other using their usernames or some other identifier. The server front
end authenticates users and forwards messages for those users that
are online, while the backend server stores messages for users that
are offline. The front end must retrieve offline messages from the
backend when the user logs in.
- A simple gaming application, where the user logs in and sends
commands/actions via the client side application, and the front end
handles these requests. The users of a game can also communicate with
each other via the front end. The backend can be used to keep scores
or other such book keeping information.
Of course, the examples above are only suggestions, and you are
free to pick anything that is not on the list as well. We only require
that your system look realistic, and have a reasonable amount of
complexity to make your project interesting. However, there is no need
to make your system compatible with existing standard application
protocols. For example, if you are building a web server, you can use
your own simplified HTTP header formats at the client and server, and
your server need not be compatible with real life HTTP clients.
Submission instructions We will circulate an online form to
you, where you must fill in your team information and a brief
description of the system you propose to build. Your project team must
have no more than 2 members.
description must contain the following information:
- The application you propose to build, what do the clients and
servers do, what are the types of requests sent by the client, how the
requests are processed by the multiple backend servers, and so on.
- The architecture of the client and servers (single threaded/multithreaded/event-driven and so on).
- The interface between the user (you) and the client application and how requests will be generated by your client to the servers.
- The programming languages/frameworks you plan to use.
Please limit your description to 2-3 paragraphs, but be as specific
as possible in your proposal, so that we get a clear picture of what
you plan to do. If we have any feedback and need you to modify your
system in any way, we will get in touch with you within a week.
Note that you are not bound by this proposal, and you may tweak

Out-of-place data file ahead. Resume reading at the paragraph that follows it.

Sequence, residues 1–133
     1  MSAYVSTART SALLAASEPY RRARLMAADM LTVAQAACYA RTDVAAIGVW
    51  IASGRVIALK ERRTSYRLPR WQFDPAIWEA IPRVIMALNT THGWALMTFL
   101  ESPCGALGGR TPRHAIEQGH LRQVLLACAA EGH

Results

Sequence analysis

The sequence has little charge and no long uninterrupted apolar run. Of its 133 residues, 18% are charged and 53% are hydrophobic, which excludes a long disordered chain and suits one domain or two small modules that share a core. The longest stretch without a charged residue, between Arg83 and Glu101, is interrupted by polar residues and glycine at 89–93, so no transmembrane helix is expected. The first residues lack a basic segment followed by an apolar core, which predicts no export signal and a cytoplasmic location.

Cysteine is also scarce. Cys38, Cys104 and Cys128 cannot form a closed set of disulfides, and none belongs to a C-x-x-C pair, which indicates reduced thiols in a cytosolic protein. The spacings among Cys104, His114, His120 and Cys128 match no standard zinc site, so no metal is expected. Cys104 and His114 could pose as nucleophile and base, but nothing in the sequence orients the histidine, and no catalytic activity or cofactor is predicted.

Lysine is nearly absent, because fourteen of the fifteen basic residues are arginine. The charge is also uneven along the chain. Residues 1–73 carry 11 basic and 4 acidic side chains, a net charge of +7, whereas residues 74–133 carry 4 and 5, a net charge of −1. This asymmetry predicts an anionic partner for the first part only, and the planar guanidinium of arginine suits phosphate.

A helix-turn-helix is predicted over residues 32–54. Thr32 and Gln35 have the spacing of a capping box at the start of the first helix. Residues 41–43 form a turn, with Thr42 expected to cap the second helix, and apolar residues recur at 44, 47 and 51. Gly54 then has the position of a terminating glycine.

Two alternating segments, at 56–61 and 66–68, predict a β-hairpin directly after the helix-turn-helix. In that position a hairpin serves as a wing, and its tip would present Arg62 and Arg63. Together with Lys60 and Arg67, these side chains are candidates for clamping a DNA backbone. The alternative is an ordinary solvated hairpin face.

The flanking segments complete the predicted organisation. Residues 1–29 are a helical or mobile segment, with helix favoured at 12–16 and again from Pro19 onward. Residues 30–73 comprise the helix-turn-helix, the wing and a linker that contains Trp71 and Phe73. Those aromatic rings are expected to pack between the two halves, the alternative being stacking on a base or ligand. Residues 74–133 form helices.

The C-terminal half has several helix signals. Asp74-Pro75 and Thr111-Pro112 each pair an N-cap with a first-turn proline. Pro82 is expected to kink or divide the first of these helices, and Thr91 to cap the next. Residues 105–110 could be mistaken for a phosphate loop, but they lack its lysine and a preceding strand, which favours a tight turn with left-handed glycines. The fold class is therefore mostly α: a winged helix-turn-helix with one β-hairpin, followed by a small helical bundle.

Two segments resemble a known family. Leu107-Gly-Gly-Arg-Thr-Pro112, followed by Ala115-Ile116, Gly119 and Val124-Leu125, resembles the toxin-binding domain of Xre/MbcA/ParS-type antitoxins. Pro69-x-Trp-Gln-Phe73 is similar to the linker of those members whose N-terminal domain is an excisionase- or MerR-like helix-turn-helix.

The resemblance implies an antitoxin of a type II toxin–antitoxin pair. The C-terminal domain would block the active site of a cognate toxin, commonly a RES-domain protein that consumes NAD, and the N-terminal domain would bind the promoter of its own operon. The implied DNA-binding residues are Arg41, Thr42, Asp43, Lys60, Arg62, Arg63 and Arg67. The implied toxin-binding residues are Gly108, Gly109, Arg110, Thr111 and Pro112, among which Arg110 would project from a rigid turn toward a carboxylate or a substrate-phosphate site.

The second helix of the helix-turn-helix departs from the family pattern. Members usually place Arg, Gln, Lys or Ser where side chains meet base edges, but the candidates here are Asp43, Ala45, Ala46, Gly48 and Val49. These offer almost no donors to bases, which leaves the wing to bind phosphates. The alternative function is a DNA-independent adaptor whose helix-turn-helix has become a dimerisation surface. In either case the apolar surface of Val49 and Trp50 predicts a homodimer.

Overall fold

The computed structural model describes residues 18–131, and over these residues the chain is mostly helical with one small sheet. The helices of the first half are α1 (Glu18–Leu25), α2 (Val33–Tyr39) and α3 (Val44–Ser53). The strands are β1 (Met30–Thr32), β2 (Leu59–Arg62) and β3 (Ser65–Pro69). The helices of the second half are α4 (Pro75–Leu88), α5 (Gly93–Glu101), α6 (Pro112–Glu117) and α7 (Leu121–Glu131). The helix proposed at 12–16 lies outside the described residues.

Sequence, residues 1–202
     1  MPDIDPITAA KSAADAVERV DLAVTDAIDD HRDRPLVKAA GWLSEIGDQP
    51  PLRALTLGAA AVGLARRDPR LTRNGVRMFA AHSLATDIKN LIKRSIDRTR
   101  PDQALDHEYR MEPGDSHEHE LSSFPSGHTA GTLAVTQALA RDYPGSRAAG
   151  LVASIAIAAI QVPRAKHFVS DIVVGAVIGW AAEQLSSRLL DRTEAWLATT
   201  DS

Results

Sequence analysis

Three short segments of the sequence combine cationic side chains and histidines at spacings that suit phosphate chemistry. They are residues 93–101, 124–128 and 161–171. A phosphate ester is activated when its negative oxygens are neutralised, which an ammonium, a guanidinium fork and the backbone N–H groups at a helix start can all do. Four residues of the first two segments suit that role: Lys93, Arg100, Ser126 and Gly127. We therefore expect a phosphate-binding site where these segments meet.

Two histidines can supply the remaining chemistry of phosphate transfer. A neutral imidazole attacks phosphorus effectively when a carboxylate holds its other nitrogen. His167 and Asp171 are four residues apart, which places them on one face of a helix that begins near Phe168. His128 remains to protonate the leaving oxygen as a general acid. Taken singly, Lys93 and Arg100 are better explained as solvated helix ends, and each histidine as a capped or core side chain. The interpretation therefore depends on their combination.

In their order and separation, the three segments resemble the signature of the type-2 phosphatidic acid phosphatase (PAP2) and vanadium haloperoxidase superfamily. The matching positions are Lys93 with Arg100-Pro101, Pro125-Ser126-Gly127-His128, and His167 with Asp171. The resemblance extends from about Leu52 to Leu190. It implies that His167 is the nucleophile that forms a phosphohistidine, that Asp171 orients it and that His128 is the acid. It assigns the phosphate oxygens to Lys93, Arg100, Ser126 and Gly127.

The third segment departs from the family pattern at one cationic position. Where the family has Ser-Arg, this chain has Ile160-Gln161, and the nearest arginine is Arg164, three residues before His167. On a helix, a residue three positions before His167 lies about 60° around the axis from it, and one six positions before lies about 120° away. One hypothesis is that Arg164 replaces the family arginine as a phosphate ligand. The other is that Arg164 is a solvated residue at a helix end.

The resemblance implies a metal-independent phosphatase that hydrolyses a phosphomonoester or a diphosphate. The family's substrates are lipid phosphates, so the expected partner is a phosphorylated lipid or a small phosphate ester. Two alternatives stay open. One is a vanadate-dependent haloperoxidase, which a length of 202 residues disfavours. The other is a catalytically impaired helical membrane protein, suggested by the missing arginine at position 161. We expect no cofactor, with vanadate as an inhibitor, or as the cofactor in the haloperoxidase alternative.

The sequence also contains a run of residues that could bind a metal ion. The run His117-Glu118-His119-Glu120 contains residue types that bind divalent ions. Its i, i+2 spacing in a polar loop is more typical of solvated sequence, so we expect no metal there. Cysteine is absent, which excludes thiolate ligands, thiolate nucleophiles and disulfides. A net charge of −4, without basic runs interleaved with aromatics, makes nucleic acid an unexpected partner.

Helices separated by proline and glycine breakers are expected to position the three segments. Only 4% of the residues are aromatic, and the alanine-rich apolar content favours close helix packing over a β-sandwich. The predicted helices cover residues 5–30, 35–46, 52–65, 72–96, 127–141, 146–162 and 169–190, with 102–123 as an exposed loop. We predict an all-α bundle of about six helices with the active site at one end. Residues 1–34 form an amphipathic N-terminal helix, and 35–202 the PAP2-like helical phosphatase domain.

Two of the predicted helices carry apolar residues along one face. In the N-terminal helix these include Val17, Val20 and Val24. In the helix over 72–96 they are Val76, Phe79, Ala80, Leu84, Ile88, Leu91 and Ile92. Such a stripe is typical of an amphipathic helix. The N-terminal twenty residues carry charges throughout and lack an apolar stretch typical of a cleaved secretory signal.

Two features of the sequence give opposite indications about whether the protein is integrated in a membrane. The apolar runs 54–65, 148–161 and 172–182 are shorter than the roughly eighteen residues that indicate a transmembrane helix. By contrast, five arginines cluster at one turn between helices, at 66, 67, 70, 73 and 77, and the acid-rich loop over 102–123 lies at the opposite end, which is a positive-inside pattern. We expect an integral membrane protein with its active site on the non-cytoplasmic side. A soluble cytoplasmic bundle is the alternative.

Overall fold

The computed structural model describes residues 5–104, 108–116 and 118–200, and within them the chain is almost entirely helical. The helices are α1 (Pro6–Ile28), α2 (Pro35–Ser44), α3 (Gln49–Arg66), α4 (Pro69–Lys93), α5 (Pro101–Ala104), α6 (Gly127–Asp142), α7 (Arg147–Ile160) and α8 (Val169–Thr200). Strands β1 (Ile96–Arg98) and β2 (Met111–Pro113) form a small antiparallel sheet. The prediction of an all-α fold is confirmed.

(but, hopefully, not fully overhaul) your system design in the later phases
as you notice things to fix while coding. The goal of the intial
proposal is only to get you started with thinking about the design,
and to provide early feedback where needed.
Note that submission of proposals by the deadline for Phase 0 is
mandatory. This phase of the project carries no weightage in terms of
Phase 1: A simple prototype In phase 1, you will build a
simple prototype of your system. You will build the client and the
multiple server tiers. Your servers must be able to handle multiple
You will need to make a few design choices in this phase, like the
architecture (multiprocess / multithreaded with master-worker
configuration / event-based) to use at the server tiers. Your client
can be an interactive program with as fancy a user interface as you
like, in order to showcase all the features of your system. The goal
of this phase is correctness: multiple concurrent clients should be
able to send requests and obtain responses correctly from the server.
Submission instructions You must create a tar gzipped file, with the filename being the roll numbers of all the team members separated by an underscore ("_"). The tarball should contain the following:
- All code/scripts for the client, server, and other components in your system.
- A report (PDF, though .txt is also fine) describing the the high-level architecture of your system, the various request types and what to expect for each request, and other such details. Use figures when appropriate to describe your system architecture.